I have no argument with the principle that once this court has ruled on the applicable law in a particular case, this ruling then becomes the law of the case, even though the ruling be wrong. Mitchell v. Allison, 54 N.M. 56, 213 P.2d 231. In my opinion the ruling of this court on the prior appeal was wrong, insofar as the same is quoted above in the majority opinion, if that ruling means what the majority now contends it means.

I cannot agree with the majority that the ruling on the prior appeal commits us here to the conclusion that the conduct of defendants, in whole or in part, reasonably led plaintiff to believe compensation under the New Mexico law would be paid to him. The payment of compensation under the Utah law, coupled with a lack of knowledge and a lack of concern on plaintiff's part as to whether he was being paid under the Utah or the New Mexico law, the fact that no one ever indicated to him that he would not receive compensation under the New Mexico law, and the other matters recited by the majority, do not constitute such conduct on the part of defendants.

The plaintiff's complaint, which is the only complaint he filed and the only one before this court on both appeals, is a complaint for workmen's compensation benefits under the New Mexico act. In his affidavit of April 5, 1962 he stated:

"* * * That the defendants paid to him compensation at the rate of $37.00 per week from the date of his injury up to and including June 2, 1960, at which time said weekly payments were discontinued; that thereafter and on November 29, 1960, the weekly payments were again made by the defendants and continued up to and including August 7, 1961; * *"

An affidavit filed by defendants in support of their motion for summary judgment asserted that the compensation benefits were paid to plaintiff under the Utah compensation act, and that no payments had ever been made to him under the New Mexico compensation act. After remand by this court, the trial court found that the payments were made under the Utah act, and there is now no question about this being so. The compensation acts of no states other than Utah and New Mexico are in any way involved.

*543 Thus, the plaintiff, in stating that the defendants had paid to him compensation, could only have meant compensation under the New Mexico act. Obviously, this court so interpreted his affidavit on the prior appeal. Otherwise there could be no reason for the language in the prior decision quoted by the majority as follows:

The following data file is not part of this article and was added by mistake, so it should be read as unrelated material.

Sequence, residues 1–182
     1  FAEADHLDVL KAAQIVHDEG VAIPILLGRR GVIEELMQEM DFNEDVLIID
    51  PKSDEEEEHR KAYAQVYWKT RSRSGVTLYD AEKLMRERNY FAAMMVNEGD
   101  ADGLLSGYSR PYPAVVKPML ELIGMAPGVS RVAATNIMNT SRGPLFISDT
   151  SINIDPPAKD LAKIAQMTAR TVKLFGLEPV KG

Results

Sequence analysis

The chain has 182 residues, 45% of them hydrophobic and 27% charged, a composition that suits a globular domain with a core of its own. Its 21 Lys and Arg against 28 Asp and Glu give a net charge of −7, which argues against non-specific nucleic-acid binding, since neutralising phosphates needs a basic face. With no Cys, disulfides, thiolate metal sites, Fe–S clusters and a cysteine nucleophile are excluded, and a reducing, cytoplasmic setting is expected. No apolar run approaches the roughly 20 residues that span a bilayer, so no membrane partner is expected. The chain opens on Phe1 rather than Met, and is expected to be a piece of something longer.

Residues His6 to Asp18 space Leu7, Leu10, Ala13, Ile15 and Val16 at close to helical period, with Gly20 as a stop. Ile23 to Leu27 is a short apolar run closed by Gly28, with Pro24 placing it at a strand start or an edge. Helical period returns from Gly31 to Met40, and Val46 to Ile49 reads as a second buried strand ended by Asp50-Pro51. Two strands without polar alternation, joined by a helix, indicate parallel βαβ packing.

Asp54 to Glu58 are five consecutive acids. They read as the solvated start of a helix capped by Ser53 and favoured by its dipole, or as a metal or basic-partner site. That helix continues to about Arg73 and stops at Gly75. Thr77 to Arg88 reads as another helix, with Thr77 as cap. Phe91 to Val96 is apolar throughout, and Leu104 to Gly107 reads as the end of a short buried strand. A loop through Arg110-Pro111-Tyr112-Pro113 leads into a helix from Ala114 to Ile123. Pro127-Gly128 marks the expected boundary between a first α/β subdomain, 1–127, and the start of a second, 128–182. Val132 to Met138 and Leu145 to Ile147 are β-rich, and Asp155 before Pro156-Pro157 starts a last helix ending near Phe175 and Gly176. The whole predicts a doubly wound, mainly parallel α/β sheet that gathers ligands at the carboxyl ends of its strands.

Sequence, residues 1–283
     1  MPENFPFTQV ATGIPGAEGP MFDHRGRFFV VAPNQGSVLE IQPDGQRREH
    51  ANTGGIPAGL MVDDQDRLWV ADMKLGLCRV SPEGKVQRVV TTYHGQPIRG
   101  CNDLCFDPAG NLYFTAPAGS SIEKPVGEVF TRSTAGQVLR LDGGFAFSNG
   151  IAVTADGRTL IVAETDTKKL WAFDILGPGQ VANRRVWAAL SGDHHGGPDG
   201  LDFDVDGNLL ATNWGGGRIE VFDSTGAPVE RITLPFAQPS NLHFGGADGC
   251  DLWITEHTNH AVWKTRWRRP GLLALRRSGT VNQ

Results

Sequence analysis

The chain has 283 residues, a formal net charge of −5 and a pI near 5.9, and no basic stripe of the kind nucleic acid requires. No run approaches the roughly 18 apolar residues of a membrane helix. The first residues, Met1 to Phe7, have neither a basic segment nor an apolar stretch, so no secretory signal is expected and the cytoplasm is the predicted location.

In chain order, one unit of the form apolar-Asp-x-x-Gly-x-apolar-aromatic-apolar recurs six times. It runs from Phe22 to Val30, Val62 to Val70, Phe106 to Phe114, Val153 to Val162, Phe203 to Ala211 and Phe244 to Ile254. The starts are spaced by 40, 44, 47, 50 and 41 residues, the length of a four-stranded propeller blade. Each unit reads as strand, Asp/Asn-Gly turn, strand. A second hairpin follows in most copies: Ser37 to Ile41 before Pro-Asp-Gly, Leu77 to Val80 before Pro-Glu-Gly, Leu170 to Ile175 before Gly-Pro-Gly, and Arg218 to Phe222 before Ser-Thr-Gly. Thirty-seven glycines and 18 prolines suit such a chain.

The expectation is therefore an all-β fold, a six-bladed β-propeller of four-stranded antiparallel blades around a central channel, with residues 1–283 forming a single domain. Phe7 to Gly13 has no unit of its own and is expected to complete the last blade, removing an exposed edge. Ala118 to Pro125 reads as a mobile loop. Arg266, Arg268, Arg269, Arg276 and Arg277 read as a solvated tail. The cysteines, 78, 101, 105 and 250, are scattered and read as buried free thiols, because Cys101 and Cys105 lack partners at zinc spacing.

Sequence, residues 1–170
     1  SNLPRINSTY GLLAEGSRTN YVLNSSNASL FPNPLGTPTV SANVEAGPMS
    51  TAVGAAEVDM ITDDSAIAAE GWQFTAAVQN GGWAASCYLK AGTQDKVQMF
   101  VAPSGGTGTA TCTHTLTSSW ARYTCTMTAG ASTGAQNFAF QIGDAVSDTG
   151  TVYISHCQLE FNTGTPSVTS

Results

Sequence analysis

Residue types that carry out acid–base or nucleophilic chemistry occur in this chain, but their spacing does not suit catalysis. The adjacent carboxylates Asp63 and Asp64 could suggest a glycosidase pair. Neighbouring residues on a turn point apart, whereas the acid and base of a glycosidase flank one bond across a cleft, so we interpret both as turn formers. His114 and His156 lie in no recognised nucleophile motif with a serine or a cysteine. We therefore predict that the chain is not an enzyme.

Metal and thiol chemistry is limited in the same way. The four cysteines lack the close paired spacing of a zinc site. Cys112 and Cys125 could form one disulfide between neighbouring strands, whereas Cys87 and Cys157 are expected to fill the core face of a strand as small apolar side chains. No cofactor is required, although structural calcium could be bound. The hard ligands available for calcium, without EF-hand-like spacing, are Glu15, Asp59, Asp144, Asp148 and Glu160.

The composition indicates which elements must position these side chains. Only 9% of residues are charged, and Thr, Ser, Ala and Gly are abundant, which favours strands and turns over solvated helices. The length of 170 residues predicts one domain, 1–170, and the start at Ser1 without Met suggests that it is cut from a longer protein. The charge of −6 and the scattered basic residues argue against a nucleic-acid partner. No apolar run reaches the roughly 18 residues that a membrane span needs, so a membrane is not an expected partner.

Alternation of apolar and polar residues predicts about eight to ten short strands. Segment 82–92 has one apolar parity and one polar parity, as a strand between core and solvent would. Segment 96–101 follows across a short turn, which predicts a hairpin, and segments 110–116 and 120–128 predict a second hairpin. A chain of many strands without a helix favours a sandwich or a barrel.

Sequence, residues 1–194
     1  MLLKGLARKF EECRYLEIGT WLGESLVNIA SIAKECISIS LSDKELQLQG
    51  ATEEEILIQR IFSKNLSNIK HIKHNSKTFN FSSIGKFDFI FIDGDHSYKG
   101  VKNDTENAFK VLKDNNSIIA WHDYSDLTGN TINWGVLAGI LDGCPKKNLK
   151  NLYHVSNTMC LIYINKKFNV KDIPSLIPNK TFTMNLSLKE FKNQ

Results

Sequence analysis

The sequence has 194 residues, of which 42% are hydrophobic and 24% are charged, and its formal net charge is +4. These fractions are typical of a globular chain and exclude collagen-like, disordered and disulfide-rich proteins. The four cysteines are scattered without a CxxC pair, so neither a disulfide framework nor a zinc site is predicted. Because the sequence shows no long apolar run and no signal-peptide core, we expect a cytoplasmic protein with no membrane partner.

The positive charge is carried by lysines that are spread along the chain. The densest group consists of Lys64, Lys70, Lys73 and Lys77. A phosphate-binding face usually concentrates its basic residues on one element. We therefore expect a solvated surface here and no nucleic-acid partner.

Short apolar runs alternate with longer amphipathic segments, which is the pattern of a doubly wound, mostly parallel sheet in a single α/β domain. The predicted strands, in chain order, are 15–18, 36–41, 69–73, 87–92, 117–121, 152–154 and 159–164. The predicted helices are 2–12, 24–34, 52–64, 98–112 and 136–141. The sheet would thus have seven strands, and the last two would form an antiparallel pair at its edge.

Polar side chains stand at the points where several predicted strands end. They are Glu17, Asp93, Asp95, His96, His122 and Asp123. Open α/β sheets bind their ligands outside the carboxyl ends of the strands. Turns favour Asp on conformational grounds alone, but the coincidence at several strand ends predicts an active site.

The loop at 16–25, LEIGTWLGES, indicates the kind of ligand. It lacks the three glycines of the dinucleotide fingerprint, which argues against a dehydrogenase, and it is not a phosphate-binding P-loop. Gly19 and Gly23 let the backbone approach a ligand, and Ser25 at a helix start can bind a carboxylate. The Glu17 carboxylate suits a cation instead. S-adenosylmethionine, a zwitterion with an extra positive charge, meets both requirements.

"* * * [T]he question which we must determine is whether a material issue of fact was present concerning whether payments were made under Utah law, * * We are clear that an issue of fact was present, and that the affidavits before the court prior to trial could reasonably raise an inference which would have supported a finding that payments were not made or knowingly received under the Utah law so as to bar this action. * *" (Italics added for emphasis)

The defendants were contending by their affidavit in support of their motion for summary judgment that claim was made and compensation benefits paid to plaintiff under the Utah compensation act, and that no payments had ever been made to plaintiff under the New Mexico compensation act. If there was an issue as to "whether payments were made under the Utah law," and this is precisely what was held by this court in the prior opinion, then this issue of necessity had to be raised by the plaintiff's affidavit, and the compensation, which he said he had received, of necessity had to mean compensation under the New Mexico act. Thus, when the trial court found that compensation had been paid under the Utah act, the contention of the defendants in this regard, and not the contention of the plaintiff, was found to be true. How, then, can the majority now correctly hold that the facts were as claimed by the plaintiff in his affidavit?

The language of the prior opinion, suggests that if compensation had been paid under the Utah law, but plaintiff had no knowledge of such, then his failure to timely file his suit was caused in whole or in part by the conduct of defendants which reasonably led him to believe compensation under New Mexico law would be paid. However, since the court in the prior opinion held there was an issue of fact as to "whether payments were made under the Utah law," and since this issue could only have been raised by the contention of plaintiff that the payments were made under the New Mexico law, the language of the prior opinion must be viewed in the light of this stated issue.